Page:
Data Storage was revolutionized by hard disk storage a few years ago. But now, the trend seems to be drifted towards Solid-state drives. However, researchers at Facebook and Carnegie- Mellon have shared some astonishing facts from hours of their SSD experience. They came to a conclusion that SSDs performance and its MTBF suffers due to fatigue and temperature. To know more, just follow this article furthermore.
It is a known fact that Facebook was an early adopter of SSDs and so, their study was based on their SSD experience of millions of device days. Unfortunately, the study doesn’t break results based on vendor. But it divulges the details based on SSD age, which means the oldest are roughly first gen devices and the newest as second generation.
What’s more important is the team’s definition of failure i.e. uncorrectable read error (URE) leading to data loss. But this revelation doesn’t mean that the SSD was dead completely. Instead it only meant that one URE led to another. Furthermore, since SSDs do not have the intelligence to keep a tab on internal read errors that a controller can correct, the only read errors the study could capture were those that got reported to the server, which can sometimes reconstruct data that SSD controllers can’t.
Facebook’s study revealed some of the factors which negatively influenced the work functions and life of SSDs. They are–
Temperature- SSDs are sensitive to temperature and when they get hot, they may throttle back on performance. This led to unexplained slowdowns on some servers. Facebook’s study revealed that some first generation SSDs failed more often as temperature rose, possibly due to lack of throttling. And some second generation SSDs throttled aggressively enough to reduce failure rates, while others kept the failure curve flat.
Bus Power- Facebook’s researchers confirm that SSDs are thirsty. PCle v2 SSDs ran anywhere from 8 to 14.5 watts, a high and surprisingly wide range. The team found that as power consumption rose, so did failure rates.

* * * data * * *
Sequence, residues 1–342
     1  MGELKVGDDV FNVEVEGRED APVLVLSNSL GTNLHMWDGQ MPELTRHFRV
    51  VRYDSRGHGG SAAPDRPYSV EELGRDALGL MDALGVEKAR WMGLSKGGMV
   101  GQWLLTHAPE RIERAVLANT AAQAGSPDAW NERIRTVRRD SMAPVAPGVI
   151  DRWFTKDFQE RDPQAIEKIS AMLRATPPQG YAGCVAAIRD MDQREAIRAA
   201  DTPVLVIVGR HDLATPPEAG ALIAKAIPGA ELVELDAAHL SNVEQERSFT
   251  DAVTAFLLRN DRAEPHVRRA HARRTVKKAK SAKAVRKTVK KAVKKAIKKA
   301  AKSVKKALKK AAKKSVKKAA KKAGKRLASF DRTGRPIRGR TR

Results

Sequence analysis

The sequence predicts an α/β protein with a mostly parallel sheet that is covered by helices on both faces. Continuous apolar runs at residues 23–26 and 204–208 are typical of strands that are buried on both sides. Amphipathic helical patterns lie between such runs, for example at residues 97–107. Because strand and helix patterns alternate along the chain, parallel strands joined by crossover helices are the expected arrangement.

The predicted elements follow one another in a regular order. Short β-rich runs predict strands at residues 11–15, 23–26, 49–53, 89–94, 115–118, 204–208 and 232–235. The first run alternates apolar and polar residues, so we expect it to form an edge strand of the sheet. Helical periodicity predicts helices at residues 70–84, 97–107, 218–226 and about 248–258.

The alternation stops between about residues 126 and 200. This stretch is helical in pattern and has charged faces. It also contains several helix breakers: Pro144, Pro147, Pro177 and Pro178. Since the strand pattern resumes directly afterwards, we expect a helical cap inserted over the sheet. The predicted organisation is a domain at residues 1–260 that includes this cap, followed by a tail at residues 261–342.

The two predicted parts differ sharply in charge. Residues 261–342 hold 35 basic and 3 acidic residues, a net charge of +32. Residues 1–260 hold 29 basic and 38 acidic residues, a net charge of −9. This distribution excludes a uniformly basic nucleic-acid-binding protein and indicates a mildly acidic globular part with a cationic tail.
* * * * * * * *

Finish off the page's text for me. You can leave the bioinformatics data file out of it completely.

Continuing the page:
Write fatigue- the team of researchers found that the level of system write activity correlated with SSD failure, and is due to the fact that the writes of SSD require a lot of power. So, HDDs may be a better choice than SSDs for heavy write applications such as logging.
Other reasons for SSD Failures- A.) Coming back again to UREs, SSD failures are relatively common and the study found out that 4.2 to 34.1% of SSDs report uncorrectable errors. In fact, 99.8% of SSDs report an error in one week and then the other in the next week.
B.) Life cycle and failures- In case of hard disks, infant mortality is reported, then a few years of good reliability and then the age catches up. SSDs have an early period of UREs as faulty cells are identified, thus increasing reliability, until clear wear-outs leads to increasing read failures.
C.) The data layout menace– In disk drives, data layout doesn’t affect the performance of the drives, unless it involves a lot of random seeks. But with the SSDs, the situation can be a bit different. It is discovered in the study that sparse logical data layouts offer non contagious data and it leads to higher SSD failure rates due to dense data structures. This behavior is due to the fact that Sparse data allocation can correspond to access patterns that write small amounts of non-contagious data, causing the controllers of SSDs, erase more frequently and copy data compared to writing contagious data.
If you are managing the servers using SSDs, then you should read the following paper “ A Large-Scale Study of Flash Memory Failures in the Field”
It offers an evidence based view of SSD behavior, and offers empirical specifics about SSDs available nowhere else.